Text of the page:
Equine Oral Health Exams

Until recently, owners and vets considered equine dental floating the most important aspect of dental care.
Share
Favorite
Close

No account yet? Register

ADVERTISEMENT

Until recently, owners and veterinarians considered equine dental floating, or filing sharp enamel points on the outside edges of the upper cheek teeth, the most important aspect of equine dental care. However, modern equine dental practice has moved away from just tooth rasping toward more accurately diagnosing problems in the mouth and addressing each animal’s dental needs.

Intraoral examination is the foundation of state-of-the art equine dental practice. Not every horse needs his teeth floated every year, but all horses should have their mouth examined at least once a year. This allows veterinarians to detect problems before they become severe or irreversible. Often, the owner does not pick up on a horse’s dental disease until it has advanced to detectable stages. Clinical signs of advanced dental disease include facial or jaw swellings, pus draining from the nostrils and/or the sinuses, and difficulty eating.

Prior to the dental exam, the veterinarian should take a brief clinical history and perform a general physical exam to determine if the horse is healthy enough to undergo dental procedures. This also helps the practitioner diagnose dental-related systemic diseases early. If the horse has a bitting problem, the veterinarian might also need to examine the bridle or observe the horse moving under tack.

Equipment required for an intraoral exam includes at least a full-mouth speculum, a good light source, and a rigid ¬handled dental mirror. Lack of working space in the mouth and uncontrolled head and tongue movement can limit a veterinarian’s detailed examination. Therefore, mild sedation is usually indicated in all but the most ¬compliant horses. The veterinarian might need to perform an endoscopic exam of the oral cavity and nasal passages to take a closer look at abnormal areas or discharging tracts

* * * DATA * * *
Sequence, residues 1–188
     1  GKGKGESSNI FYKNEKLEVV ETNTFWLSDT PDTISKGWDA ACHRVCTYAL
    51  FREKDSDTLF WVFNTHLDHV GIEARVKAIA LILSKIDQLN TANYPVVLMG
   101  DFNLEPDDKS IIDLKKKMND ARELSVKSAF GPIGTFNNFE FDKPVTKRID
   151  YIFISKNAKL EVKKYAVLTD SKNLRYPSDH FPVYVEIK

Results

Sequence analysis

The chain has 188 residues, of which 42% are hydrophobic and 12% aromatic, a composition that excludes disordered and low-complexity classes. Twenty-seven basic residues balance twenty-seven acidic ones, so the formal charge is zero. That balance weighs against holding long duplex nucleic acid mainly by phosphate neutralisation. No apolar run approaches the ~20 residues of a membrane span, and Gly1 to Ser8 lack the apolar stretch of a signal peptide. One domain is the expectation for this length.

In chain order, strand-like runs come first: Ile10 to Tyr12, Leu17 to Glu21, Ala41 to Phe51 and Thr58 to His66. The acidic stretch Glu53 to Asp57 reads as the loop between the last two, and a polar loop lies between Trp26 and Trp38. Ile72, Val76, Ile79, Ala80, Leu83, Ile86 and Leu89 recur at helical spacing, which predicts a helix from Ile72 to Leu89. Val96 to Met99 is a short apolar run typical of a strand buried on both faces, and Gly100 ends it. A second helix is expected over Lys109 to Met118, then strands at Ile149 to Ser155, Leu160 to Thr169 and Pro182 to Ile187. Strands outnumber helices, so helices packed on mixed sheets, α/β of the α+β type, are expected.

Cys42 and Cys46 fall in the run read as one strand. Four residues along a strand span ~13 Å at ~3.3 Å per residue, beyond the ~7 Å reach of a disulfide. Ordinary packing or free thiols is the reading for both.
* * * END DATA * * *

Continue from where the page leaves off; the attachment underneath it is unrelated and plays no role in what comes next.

Create a free account with TheHorse.com to view this content.

TheHorse.com is home to thousands of free articles about horse health care. In order to access some of our exclusive free content, you must be signed into TheHorse.com.

Start your free account today!

Already have an account?
and continue reading.

Share

Written by:

Jack Easley, DVM, MS, Dipl. ABVP (Equine), is a private equine practitioner serving the Central Kentucky area. While his practice provides all equine services, his passion of 35 years has been equine dentistry. He lectures and teaches worldwide, contributes to lay horse magazines and journals, and is the co-author of the three editions of the textbook Equine Dentistry.

Related Articles

Stay on top of the most recent Horse Health news with

FREE weekly newsletters from TheHorse.com

Sponsored Content

Weekly Poll

sponsored by:

Which skin issue do you battle most frequently with your horse?
252 votes · 252 answers

Readers’ Most Popular

Sign In

Don’t have an account? Register for a FREE account here.

Need to update your account?

You need to be logged in to fill out this form

Create a free account with TheHorse.com!